In the late Sixties and early Seventies, Sly & the Family Stone fused R&B rhythms, radio-ready hooks and psychedelia to create a new pop/soul/rock hybrid. The band's bright, catchy songs artfully took on racism and other political issues and influenced pop artists like Prince to Rick James. From the Nineties forward, legions of artists — including Public Enemy, Fatboy Slim, Beck and many others — mined Sly's catalogue for samples.
Sylvester Stewart's family moved from Texas to the San Francisco area in the 1950s. At age four, he began singing gospel music and at age 16 made a local hit, "Long Time Away." Stewart studied trumpet, music theory, and composition at Vallejo Junior College and while in school became active on the Bay Area music scene. With his brother, Fred, he formed several short-lived groups, like the Stewart Bros. He was a disc jockey at soul station KSOL, and at Autumn Records he produced records by the Beau Brummels, Bobby Freeman, the Mojo Men, and Grace Slick's first band, the Great Society. He later worked for KDIA.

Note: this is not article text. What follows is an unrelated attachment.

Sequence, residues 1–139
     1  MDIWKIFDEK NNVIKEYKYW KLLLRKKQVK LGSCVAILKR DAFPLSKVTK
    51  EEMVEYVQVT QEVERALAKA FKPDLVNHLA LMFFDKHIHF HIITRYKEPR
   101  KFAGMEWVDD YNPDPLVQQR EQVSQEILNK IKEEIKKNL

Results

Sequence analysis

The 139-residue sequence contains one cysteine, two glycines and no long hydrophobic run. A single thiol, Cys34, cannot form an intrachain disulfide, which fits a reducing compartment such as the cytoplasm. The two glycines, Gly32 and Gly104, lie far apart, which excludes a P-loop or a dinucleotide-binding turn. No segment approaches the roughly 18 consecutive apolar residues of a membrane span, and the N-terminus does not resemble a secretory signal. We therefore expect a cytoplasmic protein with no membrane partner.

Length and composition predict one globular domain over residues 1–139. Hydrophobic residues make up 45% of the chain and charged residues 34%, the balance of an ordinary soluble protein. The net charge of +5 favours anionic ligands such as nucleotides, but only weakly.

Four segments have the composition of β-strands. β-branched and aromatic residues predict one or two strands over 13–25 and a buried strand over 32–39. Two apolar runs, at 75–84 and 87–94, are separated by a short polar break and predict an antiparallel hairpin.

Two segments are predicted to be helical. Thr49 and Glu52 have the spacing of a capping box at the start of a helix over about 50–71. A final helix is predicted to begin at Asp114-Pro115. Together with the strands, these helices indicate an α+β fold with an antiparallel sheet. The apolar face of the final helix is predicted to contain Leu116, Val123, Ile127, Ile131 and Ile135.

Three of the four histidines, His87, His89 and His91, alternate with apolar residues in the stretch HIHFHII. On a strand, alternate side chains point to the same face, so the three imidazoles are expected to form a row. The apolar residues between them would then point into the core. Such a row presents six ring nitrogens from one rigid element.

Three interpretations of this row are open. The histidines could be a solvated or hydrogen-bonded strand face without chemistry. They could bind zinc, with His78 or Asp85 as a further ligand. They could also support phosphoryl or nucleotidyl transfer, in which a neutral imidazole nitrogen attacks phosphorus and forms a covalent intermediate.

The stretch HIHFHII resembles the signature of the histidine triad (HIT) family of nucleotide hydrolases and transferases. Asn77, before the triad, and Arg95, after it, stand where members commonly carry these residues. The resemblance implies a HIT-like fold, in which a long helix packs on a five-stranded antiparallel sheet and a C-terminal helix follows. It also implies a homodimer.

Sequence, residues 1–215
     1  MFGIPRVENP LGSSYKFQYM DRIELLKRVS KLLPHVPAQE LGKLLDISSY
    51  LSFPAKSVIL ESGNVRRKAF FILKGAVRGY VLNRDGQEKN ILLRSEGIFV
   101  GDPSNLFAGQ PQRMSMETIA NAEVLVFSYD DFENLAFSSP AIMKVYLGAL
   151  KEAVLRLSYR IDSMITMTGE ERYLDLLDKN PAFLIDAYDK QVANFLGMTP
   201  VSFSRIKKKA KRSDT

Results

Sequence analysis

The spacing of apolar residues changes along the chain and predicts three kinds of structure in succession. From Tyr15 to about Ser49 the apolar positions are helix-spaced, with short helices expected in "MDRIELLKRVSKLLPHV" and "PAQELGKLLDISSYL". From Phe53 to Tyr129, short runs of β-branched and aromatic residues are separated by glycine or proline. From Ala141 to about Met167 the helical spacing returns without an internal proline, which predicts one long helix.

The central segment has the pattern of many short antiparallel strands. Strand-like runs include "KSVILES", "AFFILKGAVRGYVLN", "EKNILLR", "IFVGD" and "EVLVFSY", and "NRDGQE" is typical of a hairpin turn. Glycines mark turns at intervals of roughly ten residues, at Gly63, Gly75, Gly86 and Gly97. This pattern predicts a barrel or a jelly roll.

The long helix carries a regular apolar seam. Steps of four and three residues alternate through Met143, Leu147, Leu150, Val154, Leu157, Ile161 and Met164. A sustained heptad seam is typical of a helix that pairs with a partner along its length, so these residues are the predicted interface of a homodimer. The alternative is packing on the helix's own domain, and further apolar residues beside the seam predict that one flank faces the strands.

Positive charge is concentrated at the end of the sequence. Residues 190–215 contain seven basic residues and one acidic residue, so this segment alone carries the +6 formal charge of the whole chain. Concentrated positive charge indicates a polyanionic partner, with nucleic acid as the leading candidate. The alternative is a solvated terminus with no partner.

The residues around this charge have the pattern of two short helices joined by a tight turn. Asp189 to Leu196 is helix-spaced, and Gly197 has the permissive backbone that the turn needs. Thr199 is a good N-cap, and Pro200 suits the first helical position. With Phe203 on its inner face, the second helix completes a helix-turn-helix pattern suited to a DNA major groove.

In 1966 Sly formed a short-lived group called the Stoners, which included female trumpeter Cynthia Robinson. With her he started his next band, Sly and the Family Stone. Sly, Robinson, and Fred Stewart were joined by Larry Graham [see separate entry], Greg Errico, and Jerry Martini, all of whom had studied music and worked in numerous amateur groups. Rosie Stone joined the group soon after. Working around the Bay Area in 1967, this multiracial band made a strong impression. They recorded their debut single, "I Ain't Got Nobody" b/w "I Can't Turn You Loose," on the local Loadstone label.
The Family Stone's debut LP, A Whole New Thing, flopped. Its follow-up, Dance to the Music, included the hit title cut (Number Eight Pop, Number Nine R&B). Life sold fewer copies than their previous albums, but their next release, a double-sided single, "Everyday People" b/w "Sing a Simple Song," was Number One on both the R&B and Pop charts. 1969's Stand! mixed hard-edged politics with the Family's ecstatic dance music. It rose to Number 13 on the Pop Chart and contained Sly standards like the title song, "Don't Call Me Nigger, Whitey," "Sex Machine," "Somebody's Watching You," and "I Want to Take You Higher" (Number Three Pop, Number 24 R&B). Fiery versions of "Dance to the Music" and "Higher," heard on Woodstock soundtrack (Cotillion), established the Family Stone as one of the finest live bands of the late 1960s.